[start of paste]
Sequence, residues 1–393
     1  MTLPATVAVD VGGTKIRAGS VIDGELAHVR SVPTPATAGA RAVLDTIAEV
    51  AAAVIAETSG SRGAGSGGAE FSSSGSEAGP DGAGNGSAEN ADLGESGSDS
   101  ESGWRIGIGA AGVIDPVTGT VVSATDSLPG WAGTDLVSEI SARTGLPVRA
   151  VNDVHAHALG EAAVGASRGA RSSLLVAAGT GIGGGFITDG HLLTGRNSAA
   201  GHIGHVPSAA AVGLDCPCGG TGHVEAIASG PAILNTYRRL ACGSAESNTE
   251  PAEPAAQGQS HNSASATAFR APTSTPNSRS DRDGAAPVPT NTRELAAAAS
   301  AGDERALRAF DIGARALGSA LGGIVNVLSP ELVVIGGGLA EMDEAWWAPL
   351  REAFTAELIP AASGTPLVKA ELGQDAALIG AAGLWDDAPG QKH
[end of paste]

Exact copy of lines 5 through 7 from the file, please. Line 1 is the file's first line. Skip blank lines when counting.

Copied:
   151  VNDVHAHALG EAAVGASRGA RSSLLVAAGT GIGGGFITDG HLLTGRNSAA
   201  GHIGHVPSAA AVGLDCPCGG TGHVEAIASG PAILNTYRRL ACGSAESNTE
   251  PAEPAAQGQS HNSASATAFR APTSTPNSRS DRDGAAPVPT NTRELAAAAS